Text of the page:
Kemado Records and its sister label, Mexican Summer, are quite busy to say the least. Over the past six months, both labels moved offices from Manhattan out to Greenpoint, Brooklyn, while simultaneously building a commercial recording studio within the vast new space. They’re also opening up a destination brick-and-mortar record store, organizing a music festival out in Big Sur, California, and of course producing a constant stream of new releases from their roster of artists. I sat down with label owner Andres Santo Domingo and label head Keith Abrahamsson to get the latest and check out their new pad.
When did you decide to make the move to Greenpoint? We just needed more space. We looked all over Manhattan and found a couple of spaces — we looked everywhere. But when we came out to Brooklyn and saw the spaces out here in Greenpoint, we knew we could do a commercial recording studio. We’re going to rent it out a great deal. We’ll keep it busy a lot by ourselves as well, but we want to have it as full as possible.
What’s the square footage of your building? Andres Santo Domingo: It’s about 4,000 square feet on each floor, and the recording studio is 2,000 square feet with 30-foot ceilings in the live recording room. We made the space very functional for everyone to hang out and make it accommodating for anyone that’s recording.
Are you going to have a retail space on the first floor? ASD: Yes. It’s a platform for Mexican Summer and for our belief in limited-edition vinyl — a resurgence that is going on right now. About three other record labels are going to be involved in the beginning, and we’ll sell all of their product there too. One of them is Captured Tracks; another is Sacred Bones, which does limited-edition vinyl releases; and Minimal Wave. We’re also going to have Woodsist’s limited-edition vinyl too. It’s a vinyl co-op store essentially. We’re not going to carry a bunch different labels, nor is the store going to be open every day. It’s a destination where you can go and pick up new releases on vinyl. A lot of things we’d like to do and are thinking of doing with the store: our bands and the other labels will have live shows in the recording studio, record the session, and then press out on a seven-inch. We’re also going to have “store releases” where you can only purchase that release at the store.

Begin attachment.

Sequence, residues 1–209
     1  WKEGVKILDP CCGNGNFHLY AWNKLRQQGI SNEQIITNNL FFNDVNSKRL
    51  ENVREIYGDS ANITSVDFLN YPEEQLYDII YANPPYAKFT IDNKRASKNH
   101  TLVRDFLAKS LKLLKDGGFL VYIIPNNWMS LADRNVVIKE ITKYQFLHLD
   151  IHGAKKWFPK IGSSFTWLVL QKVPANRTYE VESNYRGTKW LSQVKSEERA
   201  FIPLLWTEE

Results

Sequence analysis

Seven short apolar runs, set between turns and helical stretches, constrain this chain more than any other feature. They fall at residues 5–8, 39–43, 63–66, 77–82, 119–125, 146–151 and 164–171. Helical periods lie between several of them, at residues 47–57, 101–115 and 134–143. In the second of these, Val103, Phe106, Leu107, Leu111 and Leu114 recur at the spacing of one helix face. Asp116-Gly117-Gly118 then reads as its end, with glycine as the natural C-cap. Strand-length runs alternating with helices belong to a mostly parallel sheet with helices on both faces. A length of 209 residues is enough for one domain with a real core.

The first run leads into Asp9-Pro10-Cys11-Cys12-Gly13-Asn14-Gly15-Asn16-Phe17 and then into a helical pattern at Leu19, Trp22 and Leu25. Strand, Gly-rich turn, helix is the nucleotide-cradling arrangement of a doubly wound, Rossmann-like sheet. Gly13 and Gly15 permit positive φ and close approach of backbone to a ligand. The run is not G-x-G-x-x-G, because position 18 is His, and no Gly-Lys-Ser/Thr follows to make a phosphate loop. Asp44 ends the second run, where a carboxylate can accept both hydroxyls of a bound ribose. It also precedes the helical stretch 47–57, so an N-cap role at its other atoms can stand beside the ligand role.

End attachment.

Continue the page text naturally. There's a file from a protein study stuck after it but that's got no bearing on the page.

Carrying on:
Similar to what Jack White’s Third Man Records is doing in Nashville, and the recent pop up store in New York? ASD: Yes, it’s similar, but one thing that Jack White has that we don’t have — and what we’d love to have — is a vinyl pressing plant. You need a big space for that! We have a couple places in Brooklyn though that press vinyl for us though.
Tell me about the festival you’re putting on — Party in the Pines. ASD: It’s going to be at Henry Miller Library out in Big Sur on August 29. There are a lot of awesome bands — a lot we work with, but also bands in the same family as us. Dungen, Ariel Pink, Gang Gang Dance … Vietnam is doing a reunion show. Saviours, Farmer Dave Scher. It’s going to be awesome.
Where did the concept come from? Keith Abrahamsson: This is really the brainchild of Jeff Kaye, who also works at Kemado. He knew the guys of Folk Yeah, who are promoters that put on these shows out at the Henry Miller Library. We’re hoping this will end up being a yearly event. ASD: It’s a one-day festival. It’s only $30, and people can camp there. It’s sort of a reaction to these big three-day festivals. This festival is on a much smaller scale. We can only sell 500 tickets due to the capacity of the venue.
What releases do you have coming up? ASD: Farmer Dave, which we’re really excited about. That comes out in August. A new Langhorne Slim record — we’re getting that project rolling right now. A new Saviours record due out in the fall. Also, we signed a new band on Kemado: The Soft Pack from San Diego. They’re recording their album right now. That will come out in the new year, as will the The Sword’s new record. Between all that, we have a slew of new Mexican Summer releases too. So we’re going to be busy!